You can also reset the bulb for individual students, that way, they can try again if they do poorly the first time around, or if they just enjoyed it that much and want to re-watch and answer. I had a couple of students take this option, and I love that it fits in with what the video is trying to teach them.
Setting up my class lists was simple, because eduCanon and Google Classroom work well together. Other friendly entities include Schoology, Edmodo, Moodle, Blackboard and more. Students can use single sign-on with Google or Clever, or sign up with a class code. If none of those work for you, upload a spreadsheet roster instead.
One way to use this that I haven’t tried yet is to take one of my own videos (created with Screencastify) and eduCanon-ify it. The level of relevance of content created for my students in that way could be swoon-worthy! But remember, you can start slowly, by assigning Video Bulbs that are already created. There are some really wonderful bulbs out there.
I feel like this is one of those things where you might think, “Cool, I’ll have to look into that when I have time.” And I totally understand that feeling. But carve out even just 10 minutes to play around with eduCanon. It’s really fun! More importantly, it’s a way to get your students engaged with the content.
The past 7 days comprise my best week ever.
- I got engaged!
- I got asked to be an ignite speaker at NEOTIE!
- Google Docs added a See New Changes feature on the precise day when it was useful to me!
Although #3 is in dead last considering the excitement factor, it is still pretty sweet and also the most useful to you, so that’s what I’ll write about tonight.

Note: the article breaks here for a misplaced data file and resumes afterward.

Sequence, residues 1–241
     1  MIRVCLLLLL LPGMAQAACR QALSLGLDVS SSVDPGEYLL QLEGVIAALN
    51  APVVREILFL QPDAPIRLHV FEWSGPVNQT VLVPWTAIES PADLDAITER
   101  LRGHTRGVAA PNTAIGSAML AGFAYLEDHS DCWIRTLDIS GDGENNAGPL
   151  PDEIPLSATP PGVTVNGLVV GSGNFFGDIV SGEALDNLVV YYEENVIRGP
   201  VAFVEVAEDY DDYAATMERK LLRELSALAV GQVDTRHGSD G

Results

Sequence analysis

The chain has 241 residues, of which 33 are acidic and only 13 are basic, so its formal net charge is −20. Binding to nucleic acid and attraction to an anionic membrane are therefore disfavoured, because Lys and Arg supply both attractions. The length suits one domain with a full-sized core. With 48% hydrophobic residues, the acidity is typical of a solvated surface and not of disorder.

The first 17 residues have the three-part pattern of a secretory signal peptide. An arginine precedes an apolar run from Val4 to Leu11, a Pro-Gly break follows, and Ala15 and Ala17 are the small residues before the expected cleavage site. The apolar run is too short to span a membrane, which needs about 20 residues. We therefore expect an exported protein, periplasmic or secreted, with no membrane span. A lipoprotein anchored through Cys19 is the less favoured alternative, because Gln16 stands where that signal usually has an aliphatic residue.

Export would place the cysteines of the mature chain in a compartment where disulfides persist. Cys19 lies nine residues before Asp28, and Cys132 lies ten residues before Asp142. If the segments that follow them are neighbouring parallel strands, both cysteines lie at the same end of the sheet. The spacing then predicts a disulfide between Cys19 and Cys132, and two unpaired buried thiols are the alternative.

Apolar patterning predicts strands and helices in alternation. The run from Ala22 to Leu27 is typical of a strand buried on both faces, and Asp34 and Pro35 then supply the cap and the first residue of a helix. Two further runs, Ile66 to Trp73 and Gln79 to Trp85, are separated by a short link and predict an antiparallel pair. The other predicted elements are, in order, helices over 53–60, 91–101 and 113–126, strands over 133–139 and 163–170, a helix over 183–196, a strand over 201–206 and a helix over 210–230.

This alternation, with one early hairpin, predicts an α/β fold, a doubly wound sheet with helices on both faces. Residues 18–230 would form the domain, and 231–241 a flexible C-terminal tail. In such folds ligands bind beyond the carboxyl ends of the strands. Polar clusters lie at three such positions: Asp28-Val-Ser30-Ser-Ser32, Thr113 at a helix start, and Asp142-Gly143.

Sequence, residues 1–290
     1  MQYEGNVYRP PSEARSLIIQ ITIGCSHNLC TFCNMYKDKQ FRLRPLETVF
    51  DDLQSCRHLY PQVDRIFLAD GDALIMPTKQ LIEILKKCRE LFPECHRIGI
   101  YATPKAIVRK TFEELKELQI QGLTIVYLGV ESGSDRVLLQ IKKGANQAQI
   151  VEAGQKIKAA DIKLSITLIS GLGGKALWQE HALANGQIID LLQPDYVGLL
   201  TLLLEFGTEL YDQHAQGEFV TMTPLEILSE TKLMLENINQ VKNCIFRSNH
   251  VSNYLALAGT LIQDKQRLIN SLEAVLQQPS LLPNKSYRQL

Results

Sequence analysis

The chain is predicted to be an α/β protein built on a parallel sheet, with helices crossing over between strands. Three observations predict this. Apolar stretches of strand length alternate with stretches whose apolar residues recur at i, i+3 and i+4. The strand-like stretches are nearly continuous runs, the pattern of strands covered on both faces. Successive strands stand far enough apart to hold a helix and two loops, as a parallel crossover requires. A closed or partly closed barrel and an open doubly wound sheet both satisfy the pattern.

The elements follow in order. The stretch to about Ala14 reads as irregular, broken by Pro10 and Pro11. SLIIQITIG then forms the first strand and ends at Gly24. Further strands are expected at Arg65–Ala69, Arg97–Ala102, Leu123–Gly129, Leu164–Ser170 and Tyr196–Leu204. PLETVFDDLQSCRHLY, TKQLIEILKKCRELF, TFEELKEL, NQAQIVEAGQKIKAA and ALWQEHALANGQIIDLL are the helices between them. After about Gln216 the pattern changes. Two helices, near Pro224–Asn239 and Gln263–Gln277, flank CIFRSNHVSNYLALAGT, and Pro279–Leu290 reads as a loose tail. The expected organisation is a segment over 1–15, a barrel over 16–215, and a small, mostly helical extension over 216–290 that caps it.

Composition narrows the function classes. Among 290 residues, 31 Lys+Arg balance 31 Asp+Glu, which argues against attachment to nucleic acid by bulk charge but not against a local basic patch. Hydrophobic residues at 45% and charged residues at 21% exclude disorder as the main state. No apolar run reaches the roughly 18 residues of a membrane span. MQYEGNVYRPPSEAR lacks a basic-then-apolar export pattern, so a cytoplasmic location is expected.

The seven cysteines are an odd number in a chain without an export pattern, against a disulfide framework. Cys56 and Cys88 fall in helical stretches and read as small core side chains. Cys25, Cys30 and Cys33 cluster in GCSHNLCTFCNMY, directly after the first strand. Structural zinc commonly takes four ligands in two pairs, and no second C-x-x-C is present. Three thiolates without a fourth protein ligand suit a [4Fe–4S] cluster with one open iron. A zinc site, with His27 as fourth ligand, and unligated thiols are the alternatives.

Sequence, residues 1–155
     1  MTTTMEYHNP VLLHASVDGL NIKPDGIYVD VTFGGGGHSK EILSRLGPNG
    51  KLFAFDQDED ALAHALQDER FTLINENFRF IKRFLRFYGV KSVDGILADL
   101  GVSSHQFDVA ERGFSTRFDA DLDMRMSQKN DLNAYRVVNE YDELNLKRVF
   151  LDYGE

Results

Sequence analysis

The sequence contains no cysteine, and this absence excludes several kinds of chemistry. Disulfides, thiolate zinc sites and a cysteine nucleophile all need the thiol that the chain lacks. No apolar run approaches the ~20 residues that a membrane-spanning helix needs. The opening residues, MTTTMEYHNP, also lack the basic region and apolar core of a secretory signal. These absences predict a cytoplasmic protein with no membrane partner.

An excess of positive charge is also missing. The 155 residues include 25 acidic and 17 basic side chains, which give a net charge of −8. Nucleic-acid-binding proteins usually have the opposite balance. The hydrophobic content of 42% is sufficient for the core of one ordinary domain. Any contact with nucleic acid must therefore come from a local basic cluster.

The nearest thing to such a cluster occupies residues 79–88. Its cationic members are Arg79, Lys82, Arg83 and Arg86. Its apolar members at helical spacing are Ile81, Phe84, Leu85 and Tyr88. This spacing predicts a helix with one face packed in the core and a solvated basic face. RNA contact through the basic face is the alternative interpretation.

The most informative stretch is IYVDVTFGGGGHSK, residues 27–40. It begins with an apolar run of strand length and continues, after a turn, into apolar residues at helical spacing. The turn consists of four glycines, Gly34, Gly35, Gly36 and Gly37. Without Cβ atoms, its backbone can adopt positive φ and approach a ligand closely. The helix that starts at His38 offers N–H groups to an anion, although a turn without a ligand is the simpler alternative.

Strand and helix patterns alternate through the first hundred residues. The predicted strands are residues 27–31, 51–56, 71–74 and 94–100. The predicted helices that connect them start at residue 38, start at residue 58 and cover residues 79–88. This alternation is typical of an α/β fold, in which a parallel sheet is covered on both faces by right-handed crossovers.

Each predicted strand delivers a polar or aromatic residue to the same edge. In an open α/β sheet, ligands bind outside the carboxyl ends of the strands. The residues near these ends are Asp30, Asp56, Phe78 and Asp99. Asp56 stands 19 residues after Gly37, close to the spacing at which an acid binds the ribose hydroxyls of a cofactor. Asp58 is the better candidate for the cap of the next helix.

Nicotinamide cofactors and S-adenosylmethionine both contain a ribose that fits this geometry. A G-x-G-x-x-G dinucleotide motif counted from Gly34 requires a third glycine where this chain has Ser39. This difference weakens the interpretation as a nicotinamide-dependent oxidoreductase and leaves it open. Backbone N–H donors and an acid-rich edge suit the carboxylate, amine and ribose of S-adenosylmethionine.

Last week, I opened my students’ partially finished assignments through Google Classroom to give them feedback. The next day, when I opened those same assignments to check on their progress, I noticed this:
And in a couple seconds it changed to this:
I was intrigued so I clicked. There I found something similar to the See Revision History option that is in the File menu. The new changes that the student had made since I last viewed the document were clearly marked. All of the new words were denoted by green text, and green lines struck through what had been deleted. There were options to see the full history and a counter of how many edits had been made. This saved me a lot of time, because I could focus in on exactly what was different from the last time I’d evaluated their work. It also made me feel like I had superhuman memory. Some academics are worried about the long term effects of humans using computers like external memory banks, but there’s no way I could have memorized all the assignments like this.
Knowing that this feature is a part of my toolbox makes me more likely to spend time giving feedback on partially finished work because I know I can pick up where I left off in an instant. This will benefit my students and enhance the learning process for them. I hope that you will be able to use this feature to be a better teacher for your students too.
And I very sincerely hope this week is as good for you as last week was for me.
How often does every student in your class get to see and hear about every other student’s response to what they’ve learned? Sometimes? Rarely? Never?! With Google Drawings and Google Slides, achieving this beast mode version of Think Pair Share is simple.